OUR VIEW: Reducing carbon tax would help the wallet

It seems like everything costs more these days.

The increase in the cost of operations is being cited as one of the reasons for a four-per-cent increase in sewer and water user rates in Grand Forks and the situation in Libya is being partially blamed for the increase of fuel over the past weekend.

According to a report from Global news over the weekend, the average price at the pump in British Columbia is about $1.29 a litre and in Grand Forks, gas went up from about $1.14 to about $1.24 a litre for regular grade.

It seems as if it is becoming expensive to even fill up a “fuel efficient” sedan and the price for a truck or sports utility vehicle is likely astronomical.

As a result of increased fuel, local consumers can expect food prices to increase as well – according to the Vancouver Province, Weston’s food division is increasing bread products by five per cent starting in April.

A segment of the population in Grand Forks is said to be of an older demographic, with some living on fixed incomes, and these recent increases will have a negative effect on them in particular.

Paying more on staples of life and bills when you are living on pension can be hard.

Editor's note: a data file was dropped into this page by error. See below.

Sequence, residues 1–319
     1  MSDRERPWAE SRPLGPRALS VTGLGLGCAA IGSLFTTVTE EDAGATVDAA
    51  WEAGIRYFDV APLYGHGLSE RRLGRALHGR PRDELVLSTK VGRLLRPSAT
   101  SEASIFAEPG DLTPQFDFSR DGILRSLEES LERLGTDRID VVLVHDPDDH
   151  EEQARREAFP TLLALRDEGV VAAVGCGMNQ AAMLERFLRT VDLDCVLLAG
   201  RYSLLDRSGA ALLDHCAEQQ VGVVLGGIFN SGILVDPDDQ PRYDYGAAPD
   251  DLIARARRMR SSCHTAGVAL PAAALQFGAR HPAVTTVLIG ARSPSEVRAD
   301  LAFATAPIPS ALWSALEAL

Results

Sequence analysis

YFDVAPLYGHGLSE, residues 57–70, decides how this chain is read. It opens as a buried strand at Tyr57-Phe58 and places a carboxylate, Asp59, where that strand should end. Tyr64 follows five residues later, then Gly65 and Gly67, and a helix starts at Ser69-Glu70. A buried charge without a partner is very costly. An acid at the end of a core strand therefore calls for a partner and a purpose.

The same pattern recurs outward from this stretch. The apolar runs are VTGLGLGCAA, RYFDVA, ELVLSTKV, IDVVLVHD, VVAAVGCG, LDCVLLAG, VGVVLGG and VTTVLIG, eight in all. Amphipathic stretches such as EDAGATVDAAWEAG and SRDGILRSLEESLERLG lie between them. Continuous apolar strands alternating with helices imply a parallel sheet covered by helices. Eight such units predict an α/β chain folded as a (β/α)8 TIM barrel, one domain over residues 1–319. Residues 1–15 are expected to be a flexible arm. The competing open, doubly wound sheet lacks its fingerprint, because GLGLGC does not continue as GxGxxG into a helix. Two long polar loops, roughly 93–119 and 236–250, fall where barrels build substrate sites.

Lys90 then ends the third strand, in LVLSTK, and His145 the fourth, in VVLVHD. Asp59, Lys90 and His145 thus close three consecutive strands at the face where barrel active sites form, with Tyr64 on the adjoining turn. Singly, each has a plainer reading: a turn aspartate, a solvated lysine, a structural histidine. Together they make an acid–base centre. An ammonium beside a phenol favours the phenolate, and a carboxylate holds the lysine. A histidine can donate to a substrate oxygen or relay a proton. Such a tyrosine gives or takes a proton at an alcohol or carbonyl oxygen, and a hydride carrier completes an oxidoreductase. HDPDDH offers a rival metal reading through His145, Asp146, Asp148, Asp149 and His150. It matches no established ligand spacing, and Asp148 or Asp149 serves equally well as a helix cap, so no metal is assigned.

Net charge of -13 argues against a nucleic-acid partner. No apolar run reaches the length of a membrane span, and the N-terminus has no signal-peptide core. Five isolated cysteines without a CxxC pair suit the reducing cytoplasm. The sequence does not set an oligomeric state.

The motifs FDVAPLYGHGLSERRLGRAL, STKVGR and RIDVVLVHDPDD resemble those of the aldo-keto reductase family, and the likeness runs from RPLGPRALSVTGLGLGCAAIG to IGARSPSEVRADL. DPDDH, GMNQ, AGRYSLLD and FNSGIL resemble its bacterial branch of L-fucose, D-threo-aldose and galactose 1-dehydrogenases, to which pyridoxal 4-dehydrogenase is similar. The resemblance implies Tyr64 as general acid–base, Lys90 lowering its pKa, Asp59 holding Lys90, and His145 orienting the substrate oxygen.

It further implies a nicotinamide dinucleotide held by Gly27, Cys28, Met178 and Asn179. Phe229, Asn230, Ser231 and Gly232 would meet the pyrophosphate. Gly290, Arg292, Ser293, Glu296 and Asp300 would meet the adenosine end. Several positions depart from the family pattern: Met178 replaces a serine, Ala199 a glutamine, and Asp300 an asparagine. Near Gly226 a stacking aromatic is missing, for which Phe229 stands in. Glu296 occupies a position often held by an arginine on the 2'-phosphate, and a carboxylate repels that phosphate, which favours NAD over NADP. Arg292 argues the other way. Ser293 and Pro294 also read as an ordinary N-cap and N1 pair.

Paying five per cent more on something like bread while possibly paying $1.24-plus a litre to gas up your car, together with the four per cent more to flush your toilet and wash your dishes could stretch the budgets of not only seniors but other residents as well.

While a provincial price freeze on everything would be ideal, it is not really feasible but a reduction in the carbon tax could lead to maintaining of affordability since fuel is tied into the increased food prices.

Between 2009 and 2010, the carbon tax rate on gasoline rose from 3.62 cents to 4.82 cents a litre and is expected to rise to 6.03 cents this year – it will rise to 7.24 cents in 2012.

The carbon tax is said to be revenue neutral and according to the provincial government, all money raised by the tax will be returned to individuals and businesses through tax reductions but you still feel the hit at the cash register and at the pump.

With the rate things are going at, it isn’t out of the realm of possibility to be paying $8 for a loaf of bread and $90 to fill up a Toyota Corolla eventually.

– The Grand Forks Gazette